NOAA predicts overly active hurricane season
Nation’s forecasters say up to 10 hurricanes possible in 2020
The National Oceanic and Atmospheric Administration is forecasting an active hurricane season this year, with up to 19 named storms. On Thursday, the last update before the start of the hurricane season, the nation’s forecasters predicted there would be between 13 and 19 named storms, of which six to 10 could become hurricanes and three to six major storms with winds over 115 mph.
“It is not possible to predict how many will hit land,” said Neil Jacobs, acting administrator of NOAA’s Climate Prediction Center. The agency will update the forecast in August as the Atlantic region heads into its most active months.
A neutral phase to EL Nino in addition to the likelihood of cooler water developing in the Pacific could boost the frequency of Atlantic tropical cyclones. The region has been a “high activity era” since 1995, with warmer ocean temperatures and stronger West African monsoons causing above-average activity, NOAA forecaster Gerry Bell said.
The official forecast from NOAA and that from Colorado State University are the two leading research groups. The consensus between all of the forecasts this year is for a more active season than it was for the past few years.
Colorado State University forecast says the 2020 Atlantic hurricane season will have activity above the 1981-2010 average. They estimate that about eight hurricanes should develop which is above the average of six. In addition to 16 named storms (average is 12.) and four major hurricanes, compared to an average of three.
UK Met Office released its seasonal hurricane forecast calling for near-average Atlantic hurricane season with most likely numbers of 13 named storms, seven hurricanes and three major (Category 3+) hurricanes between June and November.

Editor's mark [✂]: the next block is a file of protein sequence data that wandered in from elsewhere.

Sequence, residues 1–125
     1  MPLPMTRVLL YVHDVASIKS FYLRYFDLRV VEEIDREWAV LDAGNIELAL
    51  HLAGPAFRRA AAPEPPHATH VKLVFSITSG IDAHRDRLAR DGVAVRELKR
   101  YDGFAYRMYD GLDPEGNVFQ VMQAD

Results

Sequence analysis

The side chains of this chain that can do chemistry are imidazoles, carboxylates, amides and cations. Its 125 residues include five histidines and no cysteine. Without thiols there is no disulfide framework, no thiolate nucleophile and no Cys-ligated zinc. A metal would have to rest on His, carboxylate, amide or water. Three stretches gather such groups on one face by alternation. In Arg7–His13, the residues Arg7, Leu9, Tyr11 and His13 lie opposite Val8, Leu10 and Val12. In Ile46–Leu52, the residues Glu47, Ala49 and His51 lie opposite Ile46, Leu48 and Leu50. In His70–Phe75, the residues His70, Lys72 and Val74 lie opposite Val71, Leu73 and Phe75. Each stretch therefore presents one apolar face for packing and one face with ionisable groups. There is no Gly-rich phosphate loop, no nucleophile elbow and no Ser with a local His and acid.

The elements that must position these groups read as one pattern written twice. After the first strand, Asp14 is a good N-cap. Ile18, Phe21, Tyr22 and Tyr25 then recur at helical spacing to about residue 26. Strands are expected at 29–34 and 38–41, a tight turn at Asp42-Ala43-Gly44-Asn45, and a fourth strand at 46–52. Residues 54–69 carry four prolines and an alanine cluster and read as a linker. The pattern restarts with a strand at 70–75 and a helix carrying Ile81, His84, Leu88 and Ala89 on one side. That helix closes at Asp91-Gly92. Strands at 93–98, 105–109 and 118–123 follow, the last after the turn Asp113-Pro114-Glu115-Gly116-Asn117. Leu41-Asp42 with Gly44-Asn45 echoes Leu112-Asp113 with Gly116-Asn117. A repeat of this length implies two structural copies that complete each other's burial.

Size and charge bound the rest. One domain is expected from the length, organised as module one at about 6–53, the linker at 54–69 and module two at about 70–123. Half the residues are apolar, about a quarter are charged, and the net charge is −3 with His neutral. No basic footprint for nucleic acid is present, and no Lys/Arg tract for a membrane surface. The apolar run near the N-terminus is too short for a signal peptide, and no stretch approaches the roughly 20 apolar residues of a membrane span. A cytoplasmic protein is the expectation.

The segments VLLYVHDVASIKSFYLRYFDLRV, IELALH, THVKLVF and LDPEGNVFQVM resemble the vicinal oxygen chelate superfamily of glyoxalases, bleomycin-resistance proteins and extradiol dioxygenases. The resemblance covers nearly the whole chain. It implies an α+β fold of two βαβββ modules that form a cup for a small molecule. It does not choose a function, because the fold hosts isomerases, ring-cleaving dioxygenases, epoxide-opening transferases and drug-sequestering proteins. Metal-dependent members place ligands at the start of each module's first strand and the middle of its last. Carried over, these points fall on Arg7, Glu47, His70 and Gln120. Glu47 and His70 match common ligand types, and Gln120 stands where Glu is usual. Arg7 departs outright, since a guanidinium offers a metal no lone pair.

One thing that will be different this year is coronavirus, with the Federal Emergency Management Agency saying it is critically important for people in evacuation zones to plan to stay with friends or family, rather than end up in shelters during the coronavirus pandemic.
"Shelters are meant to keep you safe, not make you comfortable,'' said Carlos Castillo, FEMA’s acting deputy administrator for resilience.
“Social distancing and other CDC guidance to keep you safe from COVID-19 may impact the disaster preparedness plan you had in place, including what is in your go-kit, evacuation routes, shelters, and more,`` Castillo said. ``With tornado season at its peak, hurricane season around the corner, and flooding, earthquakes and wildfires a risk year-round, it is time to revise and adjust your emergency plan now.”
The season officially extends from June through November, but Tropical Storm Arthur jumped the gun last week off the eastern U.S. coastline.
“As Americans focus their attention on a safe and healthy reopening of our country, it remains critically important that we also remember to make the necessary preparations for the upcoming hurricane season,” said Secretary of Commerce Wilbur Ross. “Just as in years past, NOAA experts will stay ahead of developing hurricanes and tropical storms and provide the forecasts and warnings we depend on to stay safe.”
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